2022 | London Auction
1966 Ferrari 246 F1-66 Tipo 228 V-6 Engine
£125,000 - £175,000
Engine No. 228 N.1
Developed for World Champion John Surtees to Campaign in the 1966 Tasman Series
Powered Ferrari Chassis 158-006 to Podium Finishes in the Monaco and Belgian Grands Prix
Offered from More than 40 Years in Current Ownership
Formerly Part of the Famed Bardinon and Setton Collections
Rare Opportunity to Acquire a Works Ferrari Competition Engine
2,417 CC DOHC V-6 Engine
Mechanical Fuel Injection
280 BHP at 8,500 RPM
XV Gran Premio di Siracusa, Italy, 1966, Bandini, No. 14 (2nd)
XXIV Grand Prix Automobile de Monaco, 1966, Bandini, No. 16 (2nd, Fastest Lap)
XXVI Grand Prix de Belgique, 1966, Bandini, No. 7 (3rd)
XXVIII Grosser Preis von Deutschland, Scarfiotti, No. 11 (DNF)
XXXVII Gran Premio d’Italia, Baghetti, No. 44 (DNF)
At the end of 1965, the small 1.5-liter engine capacity limit, which had been the standard in Formula 1 since 1961, increased to three liters in an effort to bring more power to formula racing. Ferrari immediately began constructing a new three-liter V-12 engine for the following season and completed it ahead of schedule in December 1965.
With time on its hands, Ferrari began work on another project – this bespoke 2.5-liter, V-6 engine, stamped 228 N.1. It was developed for then-world champion John Surtees to use in the Tasman Series in New Zealand and Australia, where regulations stipulated a capacity limit of 2.5 liters. Unfortunately, the custom-built engine never made it Down Under, as Surtees crashed in an earlier Can-Am event and had to recover over the winter.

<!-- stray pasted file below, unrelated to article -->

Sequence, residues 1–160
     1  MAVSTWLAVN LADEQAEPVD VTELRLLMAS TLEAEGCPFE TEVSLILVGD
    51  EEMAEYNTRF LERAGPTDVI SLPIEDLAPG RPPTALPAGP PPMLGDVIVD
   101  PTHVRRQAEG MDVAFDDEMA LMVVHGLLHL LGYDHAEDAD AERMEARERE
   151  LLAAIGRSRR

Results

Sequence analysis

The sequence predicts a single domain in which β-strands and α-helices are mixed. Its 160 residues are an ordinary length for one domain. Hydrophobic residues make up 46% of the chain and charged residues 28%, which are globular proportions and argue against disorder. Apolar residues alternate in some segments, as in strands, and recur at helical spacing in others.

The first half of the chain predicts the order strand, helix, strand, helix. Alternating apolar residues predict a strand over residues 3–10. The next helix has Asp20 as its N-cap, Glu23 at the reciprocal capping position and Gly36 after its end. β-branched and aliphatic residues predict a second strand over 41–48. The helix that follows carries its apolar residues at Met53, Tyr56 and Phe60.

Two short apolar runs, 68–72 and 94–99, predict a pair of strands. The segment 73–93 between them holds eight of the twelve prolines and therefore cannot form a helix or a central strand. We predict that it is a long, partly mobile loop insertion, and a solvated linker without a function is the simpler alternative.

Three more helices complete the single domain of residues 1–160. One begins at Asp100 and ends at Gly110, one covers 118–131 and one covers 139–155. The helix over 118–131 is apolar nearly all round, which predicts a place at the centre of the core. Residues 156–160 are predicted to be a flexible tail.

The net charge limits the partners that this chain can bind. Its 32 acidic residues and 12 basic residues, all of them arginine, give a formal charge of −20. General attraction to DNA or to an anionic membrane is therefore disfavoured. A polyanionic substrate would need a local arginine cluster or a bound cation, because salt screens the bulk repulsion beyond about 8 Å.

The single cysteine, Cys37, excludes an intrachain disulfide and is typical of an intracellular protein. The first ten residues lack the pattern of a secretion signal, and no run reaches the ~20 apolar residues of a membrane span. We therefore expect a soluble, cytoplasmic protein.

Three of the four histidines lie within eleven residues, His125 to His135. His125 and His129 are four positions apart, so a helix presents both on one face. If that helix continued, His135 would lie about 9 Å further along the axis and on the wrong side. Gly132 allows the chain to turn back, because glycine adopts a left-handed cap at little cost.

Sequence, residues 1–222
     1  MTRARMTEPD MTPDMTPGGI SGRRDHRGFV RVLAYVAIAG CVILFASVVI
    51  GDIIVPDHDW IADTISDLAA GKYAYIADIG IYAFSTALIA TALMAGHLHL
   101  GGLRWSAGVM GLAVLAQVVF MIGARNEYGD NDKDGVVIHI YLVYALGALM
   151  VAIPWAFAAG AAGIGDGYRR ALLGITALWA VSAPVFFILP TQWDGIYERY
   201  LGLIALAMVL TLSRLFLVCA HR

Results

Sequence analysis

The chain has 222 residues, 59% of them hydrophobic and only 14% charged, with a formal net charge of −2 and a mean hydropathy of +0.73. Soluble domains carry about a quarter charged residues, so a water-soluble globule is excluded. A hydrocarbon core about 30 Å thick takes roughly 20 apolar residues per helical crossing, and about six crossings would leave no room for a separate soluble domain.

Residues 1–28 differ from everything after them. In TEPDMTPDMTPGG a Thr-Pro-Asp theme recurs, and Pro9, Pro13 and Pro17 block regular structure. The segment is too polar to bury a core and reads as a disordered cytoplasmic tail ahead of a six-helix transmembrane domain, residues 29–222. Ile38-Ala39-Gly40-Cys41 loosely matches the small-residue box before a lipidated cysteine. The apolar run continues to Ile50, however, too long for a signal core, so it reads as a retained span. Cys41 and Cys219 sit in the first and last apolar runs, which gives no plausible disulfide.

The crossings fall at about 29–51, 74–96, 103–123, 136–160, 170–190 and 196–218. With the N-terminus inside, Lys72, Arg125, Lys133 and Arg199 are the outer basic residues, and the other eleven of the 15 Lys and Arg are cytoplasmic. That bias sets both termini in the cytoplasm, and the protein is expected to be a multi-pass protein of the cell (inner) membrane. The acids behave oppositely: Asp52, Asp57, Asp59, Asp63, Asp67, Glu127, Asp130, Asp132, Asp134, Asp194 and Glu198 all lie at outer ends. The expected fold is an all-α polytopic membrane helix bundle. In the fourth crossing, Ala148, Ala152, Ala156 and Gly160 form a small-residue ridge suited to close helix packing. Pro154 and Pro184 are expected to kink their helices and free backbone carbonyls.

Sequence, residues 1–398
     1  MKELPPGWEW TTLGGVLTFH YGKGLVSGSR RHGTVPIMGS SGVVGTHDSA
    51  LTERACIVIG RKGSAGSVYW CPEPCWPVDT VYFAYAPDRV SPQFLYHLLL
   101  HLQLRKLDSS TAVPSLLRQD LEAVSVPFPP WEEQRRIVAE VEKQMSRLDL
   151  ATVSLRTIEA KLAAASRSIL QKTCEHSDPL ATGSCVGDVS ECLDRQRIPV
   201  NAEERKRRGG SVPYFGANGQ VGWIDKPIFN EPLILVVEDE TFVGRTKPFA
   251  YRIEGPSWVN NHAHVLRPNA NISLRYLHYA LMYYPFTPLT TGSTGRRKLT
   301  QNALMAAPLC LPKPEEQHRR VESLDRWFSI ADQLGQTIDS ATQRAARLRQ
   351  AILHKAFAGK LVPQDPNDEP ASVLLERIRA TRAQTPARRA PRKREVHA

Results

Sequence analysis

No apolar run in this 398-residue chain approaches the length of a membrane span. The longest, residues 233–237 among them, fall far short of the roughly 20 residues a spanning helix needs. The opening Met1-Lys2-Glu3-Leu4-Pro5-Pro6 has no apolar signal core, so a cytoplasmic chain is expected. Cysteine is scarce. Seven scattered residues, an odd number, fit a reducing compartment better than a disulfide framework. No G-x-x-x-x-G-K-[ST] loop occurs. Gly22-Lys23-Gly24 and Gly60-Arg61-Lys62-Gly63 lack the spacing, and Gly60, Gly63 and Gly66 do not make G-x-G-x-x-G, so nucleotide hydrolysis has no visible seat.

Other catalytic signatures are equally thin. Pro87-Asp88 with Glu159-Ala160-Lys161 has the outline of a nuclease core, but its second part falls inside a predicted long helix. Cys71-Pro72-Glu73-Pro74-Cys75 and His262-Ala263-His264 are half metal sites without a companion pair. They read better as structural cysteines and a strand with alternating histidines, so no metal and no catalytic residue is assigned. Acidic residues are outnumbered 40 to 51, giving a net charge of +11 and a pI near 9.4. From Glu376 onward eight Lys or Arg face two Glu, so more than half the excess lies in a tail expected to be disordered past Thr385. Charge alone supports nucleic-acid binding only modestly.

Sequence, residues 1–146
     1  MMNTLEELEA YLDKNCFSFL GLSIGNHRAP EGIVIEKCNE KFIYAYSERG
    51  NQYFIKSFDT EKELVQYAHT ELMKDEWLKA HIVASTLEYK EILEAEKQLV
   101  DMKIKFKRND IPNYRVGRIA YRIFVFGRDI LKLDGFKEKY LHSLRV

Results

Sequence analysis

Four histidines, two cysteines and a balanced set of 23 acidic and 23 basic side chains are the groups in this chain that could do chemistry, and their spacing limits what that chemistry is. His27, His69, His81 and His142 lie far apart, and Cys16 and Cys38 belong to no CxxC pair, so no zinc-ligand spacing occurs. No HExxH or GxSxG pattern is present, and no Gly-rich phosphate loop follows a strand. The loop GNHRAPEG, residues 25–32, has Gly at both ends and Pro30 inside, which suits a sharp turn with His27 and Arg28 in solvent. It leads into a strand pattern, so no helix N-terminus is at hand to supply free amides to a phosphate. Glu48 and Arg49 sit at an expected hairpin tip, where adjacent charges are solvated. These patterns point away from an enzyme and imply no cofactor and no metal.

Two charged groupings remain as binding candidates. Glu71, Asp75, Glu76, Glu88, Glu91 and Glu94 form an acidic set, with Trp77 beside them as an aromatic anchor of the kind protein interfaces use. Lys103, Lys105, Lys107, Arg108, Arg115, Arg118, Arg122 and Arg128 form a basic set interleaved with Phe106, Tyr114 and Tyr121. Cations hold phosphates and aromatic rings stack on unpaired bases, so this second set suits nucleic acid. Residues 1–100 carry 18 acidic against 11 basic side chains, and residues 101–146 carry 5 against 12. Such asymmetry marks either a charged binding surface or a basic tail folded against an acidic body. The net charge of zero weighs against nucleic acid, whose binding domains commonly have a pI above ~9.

Upon his return to the cockpit, Surtees tested this V-6 engine (228 N.1) – fitted in chassis 158-006 – at Modena. He subsequently tested Ferrari’s new three-liter V-12, which turned out to be 2.5 seconds slower. Further behind than expected in the development of its three-liter powerplant, Ferrari utilized this smaller-capacity V-6 engine in a number of races during the 1966 season, including races at Siracusa, Monaco, and Spa.
At Siracusa, for the first European three-liter F1 event, race car driver Lorenzo Bandini qualified driving the 158/246, using this engine, and was second-quickest behind Surtees’ Ferrari 312. Bandini led briefly and finished 2nd behind his team leader. At the Monaco Grand Prix, Bandini qualified using the three-liter variant, but opted to use this smaller V-6 (228 N.1) for the race and scored a fantastic 2nd place, breaking the lap record and beating pole man Jim Clark’s qualifying time. A further podium finish in the Belgian Grand Prix for Bandini, which he briefly led, and retirements for both Ludovico Scarfiotti and Giancarlo Baghetti in the German and Italian Grands Prix respectively, completed this impressive engine’s period race history.
With Ferrari now on top of its three-liter engine development, 228 N.1 was retired from active service. The Ferrari engine and chassis 158-006 passed into the famed Bardinon collection and was subsequently acquired by the equally revered Setton collection.
When 158-006 was returned to 1.5-liter specification, 228 N.1 was removed from the car and passed into the collection of the current owner some 42 years ago.
This jewel of an engine is recognizable in period photos thanks to the unique trumpet layout extruding from the engine cover. With its stampings visible for inspection, this Ferrari 246 F1-66 Tipo 228 V-6 engine presents an opportunity unheard of in modern times: to acquire a significant piece of Ferrari’s 1966 Formula 1 story.